While artificial intelligence progressively enters the toolbox of artists and designers, a new polarization advances in the world of design. At one extreme, the contamination between man and robot, at the other a generation of authors who relaunch the human factor in purity.
The revenge of the analogue and the new stills
In this revenge of the analogue, the key word is alchemy. Far from the debate on digital, in the ateliers where Made in Italy has always taken its most challenging forms, designers work on unprecedented fusions of distant materials, distill mixtures that seem to come out of new stills, invent surfaces and coverings using unexpected formulas.
It is a sort of alchemical journey which, for example, leads Sara Bologna to create for Eleit a glass vase designed to govern the growth of a substance that is difficult to harness such as mother yeast, while another independent designer like Ilaria Bianchi dedicates her most recent collection of ceramics to Temperance, the card that in the Tarot signals protection and healing.
The effort to be unique designers passes through the materials
Almost everywhere, among the talents dedicated to research, the effort to be unique emerges by generating products in which each element blends into the other and it becomes impossible to identify the origins and matrices of the final result.
It is no coincidence that Alchimia is the name of one of the latest collections designed by Luca De Bona and Dario De Meo for Incalmi, a Venetian atelier dedicated to the most advanced experimentation of ancient manufacturing.
"We wanted to create a dialogue between metal and glass, two apparently very distant materials, through the surface textures that we developed by experimenting with the various glass production techniques and the different options of metal enamelling to find a point of contact between these two realities" say the designers and art directors.
"The result was a family of objects where glass and metal are united and contrasted in a game of shades, streaks and textures that tell and keep alive the story behind each object, made up of craftsmanship, artisans and profound knowledge of the subject.
We also wanted to go against the perpetuation of rules to push the historic Venetian processes beyond tradition. An alchemy between materials that are irreversibly transformed, but also between master glassmaker, enameller and designer".
Paper imitates marble and marble imitates paper
The alchemical measure of design has always been the distinctive feature in the approach of Giorgia Zanellato and Daniele Bortotto, authors for Delsavio 1910 by Marble Marbling.
"The project" say the designers "was born from Giorgia's passion for Venetian marbled papers and for this process which has something magical, where the color suspended in water leaves an ever-changing imprint on a sheet of paper.
The resulting patterns imitate marble, sometimes challenging it in creativity in a series of incredible veins and details. We took up that challenge, and with Delsavio 1910 we decided to imitate with marble the paper that imitates marble".
Alchemy, therefore, as a method “Yes, it is the right word to talk about our research. A theme that is very close to our hearts is that of shades of colour, which sinceAcqua Altahas represented for us the idea of the tide and the signs it leaves on Venetian plaster.
For us it became a starting point for research which however we have always tried to obtain not with simple applications of colour, but as the result of a reaction between different elements. This is the case of Marea for De Castelli, where the oxides expertly applied by hand react with the metal surfaces, shading them in an ever-different way.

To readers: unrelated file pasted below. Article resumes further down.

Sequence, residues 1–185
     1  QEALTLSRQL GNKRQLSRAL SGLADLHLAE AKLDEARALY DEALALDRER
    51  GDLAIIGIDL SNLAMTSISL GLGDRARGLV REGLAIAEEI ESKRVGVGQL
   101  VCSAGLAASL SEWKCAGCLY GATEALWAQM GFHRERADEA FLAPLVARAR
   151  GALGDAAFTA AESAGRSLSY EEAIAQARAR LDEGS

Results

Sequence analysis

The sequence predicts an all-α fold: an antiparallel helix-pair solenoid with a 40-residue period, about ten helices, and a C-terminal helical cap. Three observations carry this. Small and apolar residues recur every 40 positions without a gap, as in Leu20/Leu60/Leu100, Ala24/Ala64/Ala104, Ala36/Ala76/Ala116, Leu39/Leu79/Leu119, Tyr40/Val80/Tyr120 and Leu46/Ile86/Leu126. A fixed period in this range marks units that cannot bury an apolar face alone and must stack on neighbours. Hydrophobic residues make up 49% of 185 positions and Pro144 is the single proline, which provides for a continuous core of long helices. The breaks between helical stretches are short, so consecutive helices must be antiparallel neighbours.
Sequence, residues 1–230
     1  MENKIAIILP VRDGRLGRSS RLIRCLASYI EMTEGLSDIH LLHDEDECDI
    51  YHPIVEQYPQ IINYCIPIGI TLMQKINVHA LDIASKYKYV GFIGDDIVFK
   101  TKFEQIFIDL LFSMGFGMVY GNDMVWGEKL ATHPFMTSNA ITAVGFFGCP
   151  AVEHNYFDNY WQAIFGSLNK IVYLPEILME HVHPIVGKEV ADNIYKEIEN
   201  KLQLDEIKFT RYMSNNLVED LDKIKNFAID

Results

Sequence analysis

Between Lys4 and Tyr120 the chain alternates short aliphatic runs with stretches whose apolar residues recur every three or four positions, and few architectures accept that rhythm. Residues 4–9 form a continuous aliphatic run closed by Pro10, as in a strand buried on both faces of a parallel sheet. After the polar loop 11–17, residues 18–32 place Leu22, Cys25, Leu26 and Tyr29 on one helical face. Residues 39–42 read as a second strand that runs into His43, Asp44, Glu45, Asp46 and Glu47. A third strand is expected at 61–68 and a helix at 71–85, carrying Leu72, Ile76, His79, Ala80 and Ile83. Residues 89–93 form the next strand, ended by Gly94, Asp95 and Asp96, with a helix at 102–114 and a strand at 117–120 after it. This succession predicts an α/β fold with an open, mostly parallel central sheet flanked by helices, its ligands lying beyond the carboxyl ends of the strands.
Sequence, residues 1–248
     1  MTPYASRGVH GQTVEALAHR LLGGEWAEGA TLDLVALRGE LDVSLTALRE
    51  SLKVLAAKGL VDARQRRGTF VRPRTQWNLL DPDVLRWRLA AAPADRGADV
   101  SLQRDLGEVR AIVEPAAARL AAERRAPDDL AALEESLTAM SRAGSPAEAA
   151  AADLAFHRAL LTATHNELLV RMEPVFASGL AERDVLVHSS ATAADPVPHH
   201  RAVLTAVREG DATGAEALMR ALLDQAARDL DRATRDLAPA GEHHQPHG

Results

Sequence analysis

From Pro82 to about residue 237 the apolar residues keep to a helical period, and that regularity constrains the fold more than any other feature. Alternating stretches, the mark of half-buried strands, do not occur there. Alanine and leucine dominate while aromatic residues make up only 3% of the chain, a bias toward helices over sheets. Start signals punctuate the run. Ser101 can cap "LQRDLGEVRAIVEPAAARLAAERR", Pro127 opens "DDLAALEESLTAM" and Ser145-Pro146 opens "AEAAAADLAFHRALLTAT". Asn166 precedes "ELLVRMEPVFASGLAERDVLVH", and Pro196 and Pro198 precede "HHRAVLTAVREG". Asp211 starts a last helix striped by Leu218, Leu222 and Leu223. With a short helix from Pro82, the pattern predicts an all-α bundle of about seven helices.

Or the Fire-Eating tables for Moroso, where the vitreous powder expertly applied by the artisans of Incalmi is applied to a copper plate with which it reacts in the oven at 800 degrees, creating plays of light and incredible color.
Or the engobe, the copper enamel applied to the Barene tiles designed for Botteganove. It also reacts with the ceramic once cooked, creating variations and shades that recall the sandbank of Venice illuminated by the sun.
And finally Del Savio, who for more than a century has been saving marble fragments by binding them with colored cements and creating compositions destined to live over time".
Porcelains that become surfaces
The ambition to bring something truly new into the world instead pushed in 2020Andrea De Marchi, CEO of the family company of the same name based in Verona, to bring porcelain to previously unthinkable planets.
"Many types of materials already existed in the covering sector, but all of them were much less valuable and performing than porcelain.
Nobody understood why I saw porcelain as an ideal material for creating covering surfaces, but the answer is simple: it is an eternal product, it has a smoothness superior to ceramic, it is waterproof and provides a shine equal to Murano glass".
In 2020, De Marchi met the future art director of the brand, Giacomo Totti, and together we began to develop the De Marchi Verona collections, enhancing porcelain with the design of elements from architectural references and sophisticated chromatic research.
"We have raised the bar quite a bit, we have succeeded thanks to continuous research and incessant tests and modifications: in the moulds, in the way and times of drying, on a structural level... Continuous variations to bring the material to our final goal .
Even for the chromatic outcome, a long process of tests and corrections was made: there were no pigments that could withstand the 1200 degrees necessary for firing the porcelain and make it resistant to atmospheric agents.
It happened that the color entered the oven with one shade and came out with a completely different result. Thanks to our tenacity, we managed to arrive at a palette that enhances porcelain in all its beauty". This too is alchemy.